Looking back, I can see my resistance training has gone through four stages marked by the exercises I did and how often I did them.
I began regular training as a teenager in my basement, using one of those 110 pound Sear’s weight sets. You know the type — gray plastic weights filled with sand or concrete, a hollow bar. I built my own bench press out of scrap wood.
For most of high school all I did was bench press, curls and french press. I hung a bar in an outside stairwell for pull ups. I spent my hard-earned McDonald’s money (min wage was $3.35 an hour then) and got one of those cheap benches that had squat arm attachments and started squatting. I bought additional weights from friends. At the end, I think I’d accumulated a few hundred pounds of those plastic weights!
When I got to college, some of the friends I made lifted weights as well. That’s when I began a more regimented workout routine that I used for over 10 years. It was your standard PPL, a push-day, pull-day, leg-day routine that I did 5 days a week, only hitting legs once:
- Mon/Thur: Chest, shoulders, triceps
- Wed: Legs
- Tues/Fri: Back and biceps
I was doing a lot of exercises (3-4 or even more) and a lot of sets (15+) for each body part. In retrospect, I can see how my smaller muscles groups were probably getting over-trained. After 5 – 6 exercises of chest and shoulders, I probably didn’t need to be doing triceps accessory work!
Nevertheless, I kept this up for a decade. When I turned 30, I started having a few aches and pains. I felt sore more often after a workout, and for longer. My gains had been stalled for years — I was just going through the motions. I looked pretty good and was strong, but I still wanted to look better and get stronger. I figured I was just getting older and training each body part too much. So I moved to a single muscle group each day, 5 days a week:
- Mon: Chest
- Tues: Back
- Wed: Legs (including deadlifts)
- Thur: Shoulders
- Fri: Arms
I was still doing multiple exercises per body part. It was during this time, at the age of 32, I made the 1,000 pound club (1,065) at the gym:
- Deadlift: 415
- Bench Press: 285
- Squat 365
Again, I stuck with this workout for a decade. When the big Four-oh (40) rolled around, I was feeling stale, and going to the gym 5x a week was getting old. There were some cross trainer guys preaching compound exercises and 20 minute workouts and such, so I did some research and ended up with Bill Starr’s 5×5.
After more than 20 years in the gym the thought of a shorter workout done less often had a certain appeal. I could do the whole workout in about 30 – 40 minutes, vice the 70 – 90 I spent previously.
And it worked. In the space of a year, from age 40 – 41, I went from weighing 185 pounds (where I’d been forever) to 198 (did some dietary changes too). I was squatting 320 for reps and set a new personal best dead lift of 435.
Alas, injuries took their toll. Elbow surgery for a bone spur in my left elbow (directly related to lifting for so long and specifically to those heavy French presses of my youth) and a torn right triceps tendon (hence my low bench press poundage), a pulled muscle in my back that kept me off squats and deadlifts for almost 4 months, a torn rotator cuff took away press for a few months….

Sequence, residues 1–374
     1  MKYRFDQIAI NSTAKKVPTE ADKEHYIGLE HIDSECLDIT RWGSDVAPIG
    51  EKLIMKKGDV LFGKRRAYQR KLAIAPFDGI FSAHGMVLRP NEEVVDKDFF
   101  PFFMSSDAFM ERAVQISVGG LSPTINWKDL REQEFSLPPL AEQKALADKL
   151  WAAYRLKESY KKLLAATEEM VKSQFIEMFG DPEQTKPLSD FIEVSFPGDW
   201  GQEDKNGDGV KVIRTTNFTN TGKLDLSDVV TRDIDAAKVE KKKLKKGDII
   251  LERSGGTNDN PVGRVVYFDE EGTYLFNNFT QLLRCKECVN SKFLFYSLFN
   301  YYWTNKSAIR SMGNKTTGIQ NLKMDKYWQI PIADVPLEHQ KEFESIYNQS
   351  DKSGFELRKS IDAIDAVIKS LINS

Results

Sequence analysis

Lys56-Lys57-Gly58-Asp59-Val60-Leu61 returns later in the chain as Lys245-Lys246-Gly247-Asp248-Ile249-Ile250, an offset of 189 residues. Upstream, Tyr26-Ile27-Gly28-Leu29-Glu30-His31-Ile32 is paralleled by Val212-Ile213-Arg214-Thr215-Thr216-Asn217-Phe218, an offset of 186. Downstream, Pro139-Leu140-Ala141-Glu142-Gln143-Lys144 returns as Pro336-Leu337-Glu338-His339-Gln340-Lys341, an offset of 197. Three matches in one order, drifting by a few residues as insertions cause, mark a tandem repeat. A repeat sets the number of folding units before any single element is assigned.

When I finally found myself healthy again, the close-to-max effort of the 5×5 wasn’t so appealing anymore. I’d grown to like the compound stuff though, and the shorter, less-frequent workouts, so I took the principles of the 5×5 and hacked up a new workout, which sorta kinda looks like this:
- Mon: Squats, Incline Press, Hanging Clean to Press, Chin Ups/Pull Ups, Dips
- Wed: Power Cleans, Military Press, Dumbbell Press, Chin Ups/Pull Ups, Dips
- Fri: Deadlifts, Bench Press, Hanging Clean and Jerk, Chin Ups/Pull Ups, Dips
I didn’t go as heavy any more, and did 4-5 sets, keeping the reps in the 5-6 range. My body weight went back down to 185 (mainly lost after elbow surgery). This workout worked well, and I did it until my son turned 14, which was 3 years ago. I figured he was old enough to be introduced to the iron lifestyle, so over a weekend we built our own power rack. We ordered some dumbbells and an Olympic set, and we were off and running.
I got my son all set up with the basics and the importance of form, and we’ve been lifting together ever since. At age 14 he was around 5’4″ and weighed about 105. Now at almost 17 he’s 5′ 7″ and clocks in at 150. So that’s 45 pounds in 2.5 years. I’m sure puberty can take partial credit for that, but he’s worked hard and has made impressive gains.
We started with aa Mass Made Simple workout:
- Mon/Wed/Fri: Dumbbell Clean and Press, Squat, Straight Leg Deadlifts, Seated Rows, Pull Ups, Bench Press, Curls, Close Grip Bench Press, Farmer Walks
It’s the same exercises every time, but the number of sets differ depending on the day. I’ll detail this particular workout more in another post, or you can click through and read the original. I still sort stick to it, although my son likes to read about new programs and change things up.
It works great for me as more of a maintenance type workout. These days, it’s rare for me to see an increase.
It’s a bit of a longer workout, as it takes the two of use about 75 minutes to finish. Alone, I can do it in about 40. Sometimes, for fun, we’ll add in calves, and we usually finish each workout with abs and some stretches.Share!